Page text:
d. There are instances where the Contractor is required to move the goods from one location of the work site to another location of the work site, especially in case of road construction / drinking water supply work contracts. What are the documents which are required to be accompanied along with movement of goods?

PERSONAL HEARING PROCEEDINGS HELD ON 23.01.2024

4. Sri. Nikhil B Jain, C.A., 8; Authorised Representative of the applicant appeared for personal hearing proceedings, reiterated the facts narrated in their application and submitted their argument on maintainability of the instant application.

FINDINGS & DISCUSSION

5. At the outset we would like to make it clear that the provisions of CGST Act, 2017 and the KGST Act, 2017 are in pari-materia and have the same provisions in like matters and differ from each other only on a few specific provisions. Therefore, unless a mention is particularly made to such dissimilar provisions, a reference to the CGST Act would also mean reference to the corresponding similar provisions in the KGST Act.

6. We have considered the submissions made by the applicant in their application for advance ruling. We also considered the issues involved on which advance ruling is sought by the applicant and relevant facts along with the arguments made by the applicant & the submissions made by their learned representative during the time of hearing.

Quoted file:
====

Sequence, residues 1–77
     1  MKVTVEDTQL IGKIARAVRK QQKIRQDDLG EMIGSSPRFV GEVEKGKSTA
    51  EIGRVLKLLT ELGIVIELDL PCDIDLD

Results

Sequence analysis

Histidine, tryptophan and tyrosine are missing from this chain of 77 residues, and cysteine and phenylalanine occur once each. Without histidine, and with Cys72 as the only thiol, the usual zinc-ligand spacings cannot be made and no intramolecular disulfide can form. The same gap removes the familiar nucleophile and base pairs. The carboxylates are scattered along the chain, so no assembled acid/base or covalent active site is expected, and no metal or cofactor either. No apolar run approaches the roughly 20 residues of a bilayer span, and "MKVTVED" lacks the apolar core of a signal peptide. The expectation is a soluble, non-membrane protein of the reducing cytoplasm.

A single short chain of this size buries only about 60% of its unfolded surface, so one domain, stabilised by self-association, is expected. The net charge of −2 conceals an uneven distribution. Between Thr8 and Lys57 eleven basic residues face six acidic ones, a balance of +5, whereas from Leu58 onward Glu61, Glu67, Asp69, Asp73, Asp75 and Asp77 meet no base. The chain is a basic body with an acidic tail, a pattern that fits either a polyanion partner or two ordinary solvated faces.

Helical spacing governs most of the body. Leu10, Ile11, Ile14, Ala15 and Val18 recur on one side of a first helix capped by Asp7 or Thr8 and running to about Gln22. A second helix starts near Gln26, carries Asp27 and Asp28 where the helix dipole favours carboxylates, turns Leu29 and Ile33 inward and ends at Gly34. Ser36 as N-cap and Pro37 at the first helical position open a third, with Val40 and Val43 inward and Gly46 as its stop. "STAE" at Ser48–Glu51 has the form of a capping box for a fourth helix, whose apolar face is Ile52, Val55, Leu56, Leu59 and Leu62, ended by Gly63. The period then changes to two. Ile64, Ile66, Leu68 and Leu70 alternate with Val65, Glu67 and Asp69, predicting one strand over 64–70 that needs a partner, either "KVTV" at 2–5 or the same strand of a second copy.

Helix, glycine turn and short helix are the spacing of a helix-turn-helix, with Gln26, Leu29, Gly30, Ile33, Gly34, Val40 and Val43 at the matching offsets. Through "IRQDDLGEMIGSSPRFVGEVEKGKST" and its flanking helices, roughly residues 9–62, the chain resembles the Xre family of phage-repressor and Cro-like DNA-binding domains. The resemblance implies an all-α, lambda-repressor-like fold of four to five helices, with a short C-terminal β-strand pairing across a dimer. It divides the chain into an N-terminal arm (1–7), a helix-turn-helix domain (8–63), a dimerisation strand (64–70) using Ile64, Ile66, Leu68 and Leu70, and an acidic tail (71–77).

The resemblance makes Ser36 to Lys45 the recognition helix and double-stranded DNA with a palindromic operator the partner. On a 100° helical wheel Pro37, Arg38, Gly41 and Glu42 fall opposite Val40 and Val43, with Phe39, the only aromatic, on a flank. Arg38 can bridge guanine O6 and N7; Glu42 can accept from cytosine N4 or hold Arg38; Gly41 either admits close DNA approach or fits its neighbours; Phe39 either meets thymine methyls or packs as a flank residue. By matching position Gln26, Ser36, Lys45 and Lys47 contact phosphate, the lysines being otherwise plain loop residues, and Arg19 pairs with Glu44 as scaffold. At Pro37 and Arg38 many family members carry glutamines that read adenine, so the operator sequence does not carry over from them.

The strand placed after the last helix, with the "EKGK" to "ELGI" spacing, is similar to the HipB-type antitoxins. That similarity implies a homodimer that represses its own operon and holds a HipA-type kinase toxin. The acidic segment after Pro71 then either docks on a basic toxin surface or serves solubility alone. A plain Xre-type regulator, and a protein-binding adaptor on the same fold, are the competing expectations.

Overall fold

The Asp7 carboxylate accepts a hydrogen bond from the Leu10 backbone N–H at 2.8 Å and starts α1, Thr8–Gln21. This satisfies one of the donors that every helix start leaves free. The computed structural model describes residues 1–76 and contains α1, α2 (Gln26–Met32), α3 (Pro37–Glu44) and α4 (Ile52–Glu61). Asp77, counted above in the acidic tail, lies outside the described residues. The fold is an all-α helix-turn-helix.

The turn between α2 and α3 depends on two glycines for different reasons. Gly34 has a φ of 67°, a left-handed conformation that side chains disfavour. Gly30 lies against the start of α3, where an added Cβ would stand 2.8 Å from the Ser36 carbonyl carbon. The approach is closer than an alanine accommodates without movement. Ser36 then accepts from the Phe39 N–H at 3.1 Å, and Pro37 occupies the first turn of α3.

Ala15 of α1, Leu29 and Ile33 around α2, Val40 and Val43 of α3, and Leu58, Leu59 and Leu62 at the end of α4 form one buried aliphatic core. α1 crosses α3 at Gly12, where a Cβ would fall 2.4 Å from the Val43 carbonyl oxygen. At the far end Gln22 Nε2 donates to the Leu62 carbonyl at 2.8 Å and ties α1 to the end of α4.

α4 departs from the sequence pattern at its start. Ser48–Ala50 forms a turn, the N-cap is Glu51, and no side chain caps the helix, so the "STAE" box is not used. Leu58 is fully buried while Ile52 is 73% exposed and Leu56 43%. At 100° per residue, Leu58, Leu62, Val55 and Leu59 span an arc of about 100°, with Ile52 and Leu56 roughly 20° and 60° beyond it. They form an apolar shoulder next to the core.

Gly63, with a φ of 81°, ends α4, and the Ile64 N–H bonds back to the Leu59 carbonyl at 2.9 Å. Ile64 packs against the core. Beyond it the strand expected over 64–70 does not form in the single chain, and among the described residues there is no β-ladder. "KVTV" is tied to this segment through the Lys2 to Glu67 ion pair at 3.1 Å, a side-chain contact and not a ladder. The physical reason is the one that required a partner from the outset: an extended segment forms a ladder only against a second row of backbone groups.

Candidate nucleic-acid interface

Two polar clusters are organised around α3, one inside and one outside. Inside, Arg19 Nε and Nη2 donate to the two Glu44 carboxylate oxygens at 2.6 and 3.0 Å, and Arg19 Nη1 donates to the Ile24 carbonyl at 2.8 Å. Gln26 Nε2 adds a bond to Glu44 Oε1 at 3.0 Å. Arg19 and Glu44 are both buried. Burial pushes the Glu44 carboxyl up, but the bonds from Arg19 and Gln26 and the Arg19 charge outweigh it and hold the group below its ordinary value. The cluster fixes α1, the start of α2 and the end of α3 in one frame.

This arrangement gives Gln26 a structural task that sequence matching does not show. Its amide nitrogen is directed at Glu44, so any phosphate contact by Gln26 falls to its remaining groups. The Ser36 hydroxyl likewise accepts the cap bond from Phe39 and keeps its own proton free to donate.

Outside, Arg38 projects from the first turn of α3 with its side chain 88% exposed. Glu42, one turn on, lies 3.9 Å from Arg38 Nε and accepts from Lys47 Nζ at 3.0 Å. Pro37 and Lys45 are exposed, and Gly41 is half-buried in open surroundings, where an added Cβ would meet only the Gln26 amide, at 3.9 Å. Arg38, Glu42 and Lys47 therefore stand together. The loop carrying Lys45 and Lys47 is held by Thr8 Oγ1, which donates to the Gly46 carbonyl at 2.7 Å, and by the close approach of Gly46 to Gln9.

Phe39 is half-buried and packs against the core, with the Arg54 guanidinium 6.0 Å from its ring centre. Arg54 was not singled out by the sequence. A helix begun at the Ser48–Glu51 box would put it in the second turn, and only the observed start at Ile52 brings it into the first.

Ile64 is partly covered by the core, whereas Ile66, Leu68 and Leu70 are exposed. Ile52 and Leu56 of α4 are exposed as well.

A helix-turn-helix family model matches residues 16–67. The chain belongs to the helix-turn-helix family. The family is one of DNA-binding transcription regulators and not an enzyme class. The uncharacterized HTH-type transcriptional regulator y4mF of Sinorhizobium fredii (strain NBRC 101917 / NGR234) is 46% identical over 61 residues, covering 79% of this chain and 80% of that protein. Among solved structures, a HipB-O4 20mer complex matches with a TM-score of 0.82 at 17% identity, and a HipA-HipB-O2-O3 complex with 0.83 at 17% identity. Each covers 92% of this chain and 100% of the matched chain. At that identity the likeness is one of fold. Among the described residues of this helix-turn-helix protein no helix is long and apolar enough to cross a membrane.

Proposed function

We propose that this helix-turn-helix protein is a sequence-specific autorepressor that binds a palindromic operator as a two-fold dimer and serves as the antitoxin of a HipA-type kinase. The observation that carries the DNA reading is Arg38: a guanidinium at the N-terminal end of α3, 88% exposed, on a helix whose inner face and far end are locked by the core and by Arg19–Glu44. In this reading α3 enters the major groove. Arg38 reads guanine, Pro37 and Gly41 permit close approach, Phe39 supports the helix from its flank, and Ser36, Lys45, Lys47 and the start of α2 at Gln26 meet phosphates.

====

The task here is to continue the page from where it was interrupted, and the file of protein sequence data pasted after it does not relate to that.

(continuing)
7. The applicant sought advance ruling in respect of the questions mentioned at para 3 supra. We proceed to examine, before going into the merits of the case, the maintainability of the instant application.

8. Section 97(2) of the CGST Act 2017 specifies the issues in respect which the questions shall be asked seeking advance ruling and the said section is as under:

97 (2) The question on which the advance ruling is sought under this Act, shall be in respect of,—

(a) classification of any goods or services or both;

(b) applicability of a notification issued under the provisions of this Act;

(c) determination of time and value of supply of goods or services or both;

(d) admissibility of input tax credit of tax paid or deemed to have been paid;

(e) determination of the liability to pay tax on any goods or services or both;

(f) whether applicant is required to be registered;

(g) whether any particular thing done by the applicant with respect to any goods or services or both amounts to or results in a supply of goods or services or both, within the meaning of that term

10. It could be seen from the above that the authority can’t give any decision on the issues that are not covered under Section 97(2) of the CGST Act 2017. In the instant case the applicant is already registered under GST and the questions on which advance ruling has been sought for are not covered under the issues mentioned under Section 97(2) supra. Thus the instant application is liable for rejection in terms of Section 98(2) of the CGST/KGST Act 2017.

11. In view of the above, we pass the following

RULING

The application filed by the Applicant for advance ruling is rejected, in terms of Section 98(2) of the CGST Act 2017.